condition

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out of condition

Not in good physical health; not especially strong, healthy, or fit. I've gotten pretty out of condition from working behind this desk for 10 years. I'd like to run a marathon this autumn, but I'm a little out of condition.
See also: condition, of, out

mint condition

The state of an object that is in perfect condition, as if it has never been touched or otherwise used. The phrase originally referred to coins that were never put into circulation and thus remained in the same pristine condition as when they were produced at the mint. There's no way I'm selling my mint condition Babe Ruth rookie card—I don't care how much money it would get, it's one of my most prized possessions!
See also: condition, mint

be in mint condition

To be in pristine condition with no evidence of use or wear. My brother made a lot of money selling vintage baseball cards that were in mint condition. My family goes to the auto show every year because we all love seeing classic cars that are in mint condition.
See also: condition, mint

condition (someone or something) to (something)

1. To train someone or an animal to do something in a particular way or to act in a certain way. Years of office work have conditioned me to get up at 6 AM, even on the weekends. The dog has been conditioned to run to his bowl when I open the cabinet where we store his food.
2. To acclimate someone or an animal to something. It will take time to condition ourselves to the pace of life in our sleepy new town. How long will it take to condition the dog to our commands?
See also: condition

condition someone or something to something

 
1. to train or adapt someone or an animal to do something. I conditioned the dog to beg for a treat. Over the years, he had conditioned himself to run for hours at a stretch.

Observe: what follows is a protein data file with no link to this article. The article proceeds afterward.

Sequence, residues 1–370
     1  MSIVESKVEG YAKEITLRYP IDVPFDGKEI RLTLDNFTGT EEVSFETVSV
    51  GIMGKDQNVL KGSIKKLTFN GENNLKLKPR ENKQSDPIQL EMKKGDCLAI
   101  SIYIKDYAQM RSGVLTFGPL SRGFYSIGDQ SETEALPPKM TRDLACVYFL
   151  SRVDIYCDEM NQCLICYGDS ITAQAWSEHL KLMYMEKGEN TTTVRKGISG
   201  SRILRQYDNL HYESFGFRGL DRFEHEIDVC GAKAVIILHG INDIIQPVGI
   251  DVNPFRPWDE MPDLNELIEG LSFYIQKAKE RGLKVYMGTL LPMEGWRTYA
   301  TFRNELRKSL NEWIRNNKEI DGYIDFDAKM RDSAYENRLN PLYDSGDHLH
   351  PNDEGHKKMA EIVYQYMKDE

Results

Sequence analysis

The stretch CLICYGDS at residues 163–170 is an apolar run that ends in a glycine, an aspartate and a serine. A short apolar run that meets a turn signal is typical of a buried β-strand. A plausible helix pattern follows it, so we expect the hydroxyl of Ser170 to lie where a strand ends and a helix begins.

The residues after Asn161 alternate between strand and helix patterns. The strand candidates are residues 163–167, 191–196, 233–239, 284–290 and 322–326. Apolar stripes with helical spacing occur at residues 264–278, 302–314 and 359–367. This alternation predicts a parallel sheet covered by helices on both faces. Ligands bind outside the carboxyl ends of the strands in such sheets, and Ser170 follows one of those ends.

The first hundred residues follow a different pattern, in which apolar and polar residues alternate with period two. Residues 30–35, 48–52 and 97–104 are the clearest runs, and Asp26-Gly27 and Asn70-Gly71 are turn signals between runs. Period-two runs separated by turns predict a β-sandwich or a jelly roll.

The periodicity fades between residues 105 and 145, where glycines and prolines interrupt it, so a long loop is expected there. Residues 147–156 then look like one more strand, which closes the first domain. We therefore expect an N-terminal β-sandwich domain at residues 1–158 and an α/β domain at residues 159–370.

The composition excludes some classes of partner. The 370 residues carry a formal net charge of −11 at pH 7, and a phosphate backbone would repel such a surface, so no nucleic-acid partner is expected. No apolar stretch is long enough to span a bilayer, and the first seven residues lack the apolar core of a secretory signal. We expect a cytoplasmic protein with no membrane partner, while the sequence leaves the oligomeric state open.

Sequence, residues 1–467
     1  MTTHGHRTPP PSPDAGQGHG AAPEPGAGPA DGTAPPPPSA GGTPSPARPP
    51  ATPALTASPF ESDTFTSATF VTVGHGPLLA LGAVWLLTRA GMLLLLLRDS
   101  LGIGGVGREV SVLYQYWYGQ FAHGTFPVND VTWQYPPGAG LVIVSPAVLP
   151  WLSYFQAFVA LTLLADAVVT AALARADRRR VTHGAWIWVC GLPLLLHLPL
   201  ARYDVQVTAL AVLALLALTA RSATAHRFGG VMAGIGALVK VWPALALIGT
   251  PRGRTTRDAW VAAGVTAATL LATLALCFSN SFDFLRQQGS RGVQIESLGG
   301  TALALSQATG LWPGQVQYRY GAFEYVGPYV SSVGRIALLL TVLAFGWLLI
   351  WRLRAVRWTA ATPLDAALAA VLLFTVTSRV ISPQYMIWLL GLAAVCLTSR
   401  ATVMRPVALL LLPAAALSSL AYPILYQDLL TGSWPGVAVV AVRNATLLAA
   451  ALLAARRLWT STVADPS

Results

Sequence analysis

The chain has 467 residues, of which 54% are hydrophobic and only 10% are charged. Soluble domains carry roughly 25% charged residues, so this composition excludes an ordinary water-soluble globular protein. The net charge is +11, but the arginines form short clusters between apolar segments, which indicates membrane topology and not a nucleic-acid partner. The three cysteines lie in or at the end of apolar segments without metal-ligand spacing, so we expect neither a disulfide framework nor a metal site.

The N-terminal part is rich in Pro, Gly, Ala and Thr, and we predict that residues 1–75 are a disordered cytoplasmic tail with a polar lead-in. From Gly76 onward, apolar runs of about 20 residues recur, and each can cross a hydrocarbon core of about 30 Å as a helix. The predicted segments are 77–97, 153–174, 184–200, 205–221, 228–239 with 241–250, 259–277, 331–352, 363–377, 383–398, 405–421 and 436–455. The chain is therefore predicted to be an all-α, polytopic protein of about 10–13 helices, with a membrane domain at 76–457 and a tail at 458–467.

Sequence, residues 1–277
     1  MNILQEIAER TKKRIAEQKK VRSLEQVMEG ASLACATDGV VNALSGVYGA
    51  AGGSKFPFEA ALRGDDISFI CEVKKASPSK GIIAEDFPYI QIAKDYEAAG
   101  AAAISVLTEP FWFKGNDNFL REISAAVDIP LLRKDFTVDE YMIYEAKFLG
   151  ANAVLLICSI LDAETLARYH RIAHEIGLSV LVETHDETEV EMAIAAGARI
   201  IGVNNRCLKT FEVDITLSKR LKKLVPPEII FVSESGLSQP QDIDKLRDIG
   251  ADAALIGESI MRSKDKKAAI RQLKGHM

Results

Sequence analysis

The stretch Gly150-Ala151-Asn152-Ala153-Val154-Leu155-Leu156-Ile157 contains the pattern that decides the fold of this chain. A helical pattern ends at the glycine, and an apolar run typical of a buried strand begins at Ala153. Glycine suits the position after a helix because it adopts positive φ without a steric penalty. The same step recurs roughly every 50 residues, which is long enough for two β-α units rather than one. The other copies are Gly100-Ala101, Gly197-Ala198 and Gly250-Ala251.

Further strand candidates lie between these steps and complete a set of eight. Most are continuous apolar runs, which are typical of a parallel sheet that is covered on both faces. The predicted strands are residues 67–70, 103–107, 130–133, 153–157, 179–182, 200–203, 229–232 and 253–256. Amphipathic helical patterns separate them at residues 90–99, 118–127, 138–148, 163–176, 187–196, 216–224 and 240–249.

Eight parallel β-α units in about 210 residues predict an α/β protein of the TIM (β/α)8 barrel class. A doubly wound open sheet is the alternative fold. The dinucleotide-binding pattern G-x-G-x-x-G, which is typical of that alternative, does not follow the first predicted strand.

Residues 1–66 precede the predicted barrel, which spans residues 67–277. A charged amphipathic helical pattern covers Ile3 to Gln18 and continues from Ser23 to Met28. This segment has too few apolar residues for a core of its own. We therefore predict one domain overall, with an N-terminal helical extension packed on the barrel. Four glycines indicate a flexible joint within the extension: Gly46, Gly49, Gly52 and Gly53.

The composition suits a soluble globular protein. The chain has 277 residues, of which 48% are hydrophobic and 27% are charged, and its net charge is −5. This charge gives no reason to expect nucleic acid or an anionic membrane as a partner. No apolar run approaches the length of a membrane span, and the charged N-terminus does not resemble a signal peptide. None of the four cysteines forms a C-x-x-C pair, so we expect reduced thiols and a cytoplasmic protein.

2. to train or adapt someone or an animal to something. We could never condition the cat to the finer points of domestication. I conditioned myself to the extreme cold.
See also: condition

in a delicate condition

Euph. pregnant. (Old fashioned.) Are you sure you're up for this hike? I know you're in a delicate condition. She shouldn't be lifting those boxes. She's in a delicate condition.
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*in an interesting condition

Euph. pregnant. (*Typically: be ~; get ~.) Young Mrs. Lutin is in an interesting condition. The bride appeared to be in an interesting condition.

in condition

 and in(to) shape
in good health; strong and healthy; fit. Bob exercises frequently, so he's in condition. If I were in shape, Icould run faster and farther. I'm really overweight. I have to try to get into shape.
See also: condition

*in good shape

 and *in good condition physically and functionally sound and sturdy. (Used for both people and things. *Typically: be ~; get ~; keep ~.)
This car isn't in good shape. I'd like to have one that's in better condition. Mary is in good condition. She exercises and eats right to stay healthy. You have to make an effort to get into good shape.
See also: good, shape

*in mint condition

Fig. in perfect condition. (*Typically: be ~;find something ~.) This is a fine car. It runs well and is in mint condition. We saw a house in mint condition and decided to buy it.
See also: condition, mint

send someone into a state or condition

to cause someone to be in a certain state or condition. The horrifying news sent our family into hysterics. The clerk's rude behavior sent the customer into a fit of anger.
See also: condition, send, state

under certain circumstances

 and under certain conditions
Fig. depending on or influenced by something; because of something. Under certain conditions, you can see across the lake to the other side. Under certain circumstances, what you propose to do is all right.

under certain circumstances

because of particular conditions Your insurance will pay for that surgery, but only under certain circumstances, for example if it's an emergency.

be in mint condition

if something is in mint condition, it looks as if it is new
Usage notes: The mint is a place where new coins are made.
There's an ad here for a 1974 Volkswagen Beetle. It's dark blue and in mint condition, apparently.
See also: condition, mint

in condition